An XM 25 airburst grenade launcher in July 2009.
U.S. Army Chief of Staff Gen. Ray Odierno looks through the sight of an XM25 Counter Defilade Target Engagement System during his visit to the Program Executive Office (PEO) Soldier facility at Fort Belvoir, Va., Nov 1, 2013.
The U.S. Army‘s troubled program to develop the XM25 Counter Defilade Target Engagement (CDTE) weapon, also known as the “Punisher,” is officially dead.
XM25 Program Issues
Developed by Orbital ATK and Heckler & Koch, the XM25 is a shoulder-fired weapon that fires 25mm grenade rounds. According to Military.com, it comes with a fire control system that enables the user to identify a target, determine its range via a laser rangefinder, and program the rounds to explode above or near the targets out to a distance of 600 meters. The selling point was that soldiers could use the weapon to target enemies from cover.
But, as Stars and Stripes reports, the XM25 started running into trouble when operational testing commenced in Afghanistan from 2010 to 2013. The system got mixed reviews from units, and testing was stopped completely after three soldiers sustained injuries during malfunctions. This, coupled with mounting cost schedule overruns—as well as an Inspector General report recommending the Army make a decision whether or not to cancel or proceed with the XM25—caused the Army to cancel its contract with Orbital ATK in 2017.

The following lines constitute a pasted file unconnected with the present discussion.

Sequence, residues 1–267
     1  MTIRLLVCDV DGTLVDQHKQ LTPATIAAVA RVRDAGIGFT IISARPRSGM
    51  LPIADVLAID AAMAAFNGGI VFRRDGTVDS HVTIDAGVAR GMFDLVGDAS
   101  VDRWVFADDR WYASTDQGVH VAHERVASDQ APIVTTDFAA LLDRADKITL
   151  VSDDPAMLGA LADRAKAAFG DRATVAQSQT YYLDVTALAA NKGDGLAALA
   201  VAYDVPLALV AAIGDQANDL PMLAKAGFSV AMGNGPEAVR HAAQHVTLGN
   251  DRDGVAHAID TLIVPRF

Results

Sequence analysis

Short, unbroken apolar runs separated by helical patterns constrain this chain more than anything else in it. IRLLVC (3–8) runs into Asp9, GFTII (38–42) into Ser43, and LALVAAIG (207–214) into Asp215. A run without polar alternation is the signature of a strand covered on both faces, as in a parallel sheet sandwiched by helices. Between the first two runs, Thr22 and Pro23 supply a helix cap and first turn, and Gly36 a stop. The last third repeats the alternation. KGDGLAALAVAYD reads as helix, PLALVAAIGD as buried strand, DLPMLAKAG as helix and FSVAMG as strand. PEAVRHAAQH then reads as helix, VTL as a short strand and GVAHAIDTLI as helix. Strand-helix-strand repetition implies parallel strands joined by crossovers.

Orbital ATK subsequently filed a $27 million lawsuit against Heckler & Koch for failing to deliver 20 XM25 prototypes for testing. That lawsuit was settled for $7.5 million earlier this year.
XM25 Program Terminated
Now, the Army has revealed that it has officially terminated the XM25 program. An official memorandum confirming the cancellation was signed on July 24. The service will retain the intellectual property rights and prototypes initially developed for testing. That move was made as part of a negotiated settlement with Orbital ATK.
“After cancelling the program last year, the Army has since received rights to the program’s research and development,” Army spokesman Lt. Col. Isaac Taylor said in a statement late last week. “This is in addition to the 20 existing XM25 systems — to include high explosive air-burst and target practice rounds — that the Army garnered as part of the negotiated settlement.”
The statement comes after a DoD Inspector General report issued in July which included the XM25 program in a list of over 1,500 cost-cutting recommendations.
Stars and Stripes says the Army could save around $970 million as a result of the termination of the XM25.
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